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toleration. But as yet, at least, they had not fallen into the hands of Puritanism. In the next reign we shall perceive how they preserved the same course of consistent and conservative determination to preserve their rights, and how they had already won the amplest guarantees of every right they had asserted, when the pestilent viper of Puritanism, whose clamorous love for freedom is but a devilish, hypocritical mask, assumed to hide its lust of dom. ination, carried on its agitations, till it overthrew the constitution of the kingdom and set up the gentle rule of Cromwell.

CHAPTER VIII.

THE STUARTS CONTINUED.-CHARLES I.-FIRST THREE PARLIA.

MENTS TO THE PETITION OF RIGHT.

INTRODUCTORY OBSERVATIONS-FIRST PARLIAMENT-CHARLES'S SPEECH-TONNAGE

AND POUNDAGE GRANTED FOR ONE YEAR BY THE COMMONS-ILLEGAL COLLECTIONS OF THEM BY CHARLES-HATRED AGAINST BUCKINGHAM-DISSOLUTION OF PARLIAMENT-EXACTIONS AND FORCED LOANS-SECOND PARLIAMENT-HACGHTINESS OF CHARLES-PREPARATION OF THE COMMONS TO IMPEACH BUCKINGHAM COMMONS PASS SUPPLY BILLS TO BE GRANTED WHEN GRIEVANCES HAVE BEEN HEARD-UNCONDITIONAL SUPPLY DEMANDED-COMMONS' REMONSTRANCES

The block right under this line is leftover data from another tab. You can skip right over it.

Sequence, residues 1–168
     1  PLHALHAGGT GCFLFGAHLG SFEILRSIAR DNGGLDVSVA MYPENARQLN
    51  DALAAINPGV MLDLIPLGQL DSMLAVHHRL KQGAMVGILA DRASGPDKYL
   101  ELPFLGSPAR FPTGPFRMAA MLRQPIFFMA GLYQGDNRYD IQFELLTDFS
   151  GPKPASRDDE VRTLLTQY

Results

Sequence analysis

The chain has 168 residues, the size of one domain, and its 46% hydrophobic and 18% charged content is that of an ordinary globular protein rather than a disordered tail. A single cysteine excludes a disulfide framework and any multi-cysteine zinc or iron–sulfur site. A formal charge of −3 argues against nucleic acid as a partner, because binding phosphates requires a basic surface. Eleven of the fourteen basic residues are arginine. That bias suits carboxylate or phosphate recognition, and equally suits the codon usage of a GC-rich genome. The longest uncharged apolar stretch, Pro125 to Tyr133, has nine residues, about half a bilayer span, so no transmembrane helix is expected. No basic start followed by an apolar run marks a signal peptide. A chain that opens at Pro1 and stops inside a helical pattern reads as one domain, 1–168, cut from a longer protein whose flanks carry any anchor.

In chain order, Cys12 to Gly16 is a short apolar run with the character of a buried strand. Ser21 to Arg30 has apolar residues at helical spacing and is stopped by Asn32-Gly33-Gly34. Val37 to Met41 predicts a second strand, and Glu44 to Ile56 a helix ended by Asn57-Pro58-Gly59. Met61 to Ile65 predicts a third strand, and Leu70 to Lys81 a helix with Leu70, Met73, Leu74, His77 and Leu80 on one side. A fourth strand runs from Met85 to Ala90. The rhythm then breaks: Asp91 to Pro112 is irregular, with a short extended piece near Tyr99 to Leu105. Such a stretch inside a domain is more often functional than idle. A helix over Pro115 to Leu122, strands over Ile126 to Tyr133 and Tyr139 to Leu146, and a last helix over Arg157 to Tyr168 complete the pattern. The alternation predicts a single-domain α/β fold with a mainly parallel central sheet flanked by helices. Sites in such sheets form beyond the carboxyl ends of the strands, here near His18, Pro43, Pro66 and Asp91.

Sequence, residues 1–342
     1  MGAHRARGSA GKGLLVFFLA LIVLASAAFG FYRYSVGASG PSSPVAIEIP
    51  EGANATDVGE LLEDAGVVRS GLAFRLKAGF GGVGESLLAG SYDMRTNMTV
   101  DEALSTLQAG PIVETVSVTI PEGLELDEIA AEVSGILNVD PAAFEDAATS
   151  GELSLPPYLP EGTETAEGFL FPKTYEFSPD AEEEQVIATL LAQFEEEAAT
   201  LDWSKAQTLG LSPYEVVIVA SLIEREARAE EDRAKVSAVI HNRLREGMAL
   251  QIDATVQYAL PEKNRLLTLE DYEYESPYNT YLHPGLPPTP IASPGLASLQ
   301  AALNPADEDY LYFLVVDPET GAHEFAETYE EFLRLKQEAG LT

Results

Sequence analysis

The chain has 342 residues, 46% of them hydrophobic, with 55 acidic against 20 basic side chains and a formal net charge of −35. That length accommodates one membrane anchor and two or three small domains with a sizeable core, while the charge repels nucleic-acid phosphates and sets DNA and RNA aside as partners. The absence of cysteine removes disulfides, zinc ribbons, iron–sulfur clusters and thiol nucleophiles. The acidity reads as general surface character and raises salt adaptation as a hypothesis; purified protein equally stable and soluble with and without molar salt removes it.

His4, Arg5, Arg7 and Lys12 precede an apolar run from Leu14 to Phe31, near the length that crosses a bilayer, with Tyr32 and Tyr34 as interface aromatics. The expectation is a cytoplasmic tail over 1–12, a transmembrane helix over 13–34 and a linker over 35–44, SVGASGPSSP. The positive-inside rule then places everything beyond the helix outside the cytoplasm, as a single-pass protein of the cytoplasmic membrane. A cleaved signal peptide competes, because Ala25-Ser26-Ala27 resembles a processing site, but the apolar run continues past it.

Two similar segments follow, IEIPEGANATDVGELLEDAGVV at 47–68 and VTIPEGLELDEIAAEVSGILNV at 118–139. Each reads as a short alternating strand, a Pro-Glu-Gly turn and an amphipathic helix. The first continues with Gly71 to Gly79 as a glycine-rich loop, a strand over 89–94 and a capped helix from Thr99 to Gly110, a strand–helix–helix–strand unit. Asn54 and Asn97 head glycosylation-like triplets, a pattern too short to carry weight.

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SPEECH OF CHARLES-COMPLAINT OP GRIEVANCES-SIR PETER HAYMAN-RESO

LUTIONS OF THE COMMONS-ADDRESS TO THE KING THE PETITION OF RIGHT

FIRST AGITATED-CHARLES ENDEAVORS TO PREVENT DISCUSSION, OFFERING HIS ROYAL PROMISE TO MAINTAIN THE CHARTERS-PERMISSION FOR A BILL GIVEN-SPEECHES OF ELLIOT AND COKE-CONFERENCE WITH THE LORDS THEIR PROPOSITION-OUTLINE OF THE PETITION-OHARLES'S AMBIGUOUS ASSENT —CLERICAL POLITICS- DR. MAINWARING-CHARLES FORBIDS CENSURE OF MINISTERS-EXCITEMENT IN THE HOUSE-EXPLANATORY MESSAGE FROM THE

KING-REGULAR AND FINAL PASSAGE OF THE PETITION OF RIGHT-JOY OY

THE PEOPLE.

Charles I. ascended the throne on the 27th of March, 1625. His reign is, perhaps, the most exciting in the constitutional history of England : in it the great contest between prerogative and freedom was brought to decision by the ultima ratio of war, followed by the execution of the king. These events long divided the nation into two parties; one of which deprecated the war as a great rebellion, and the execution of the king as sacrilegious parricide : while the other justified the war, as a national and just resistance of arbitrary and illegal power; and the king's execution as the lawful punishment of a tyrant.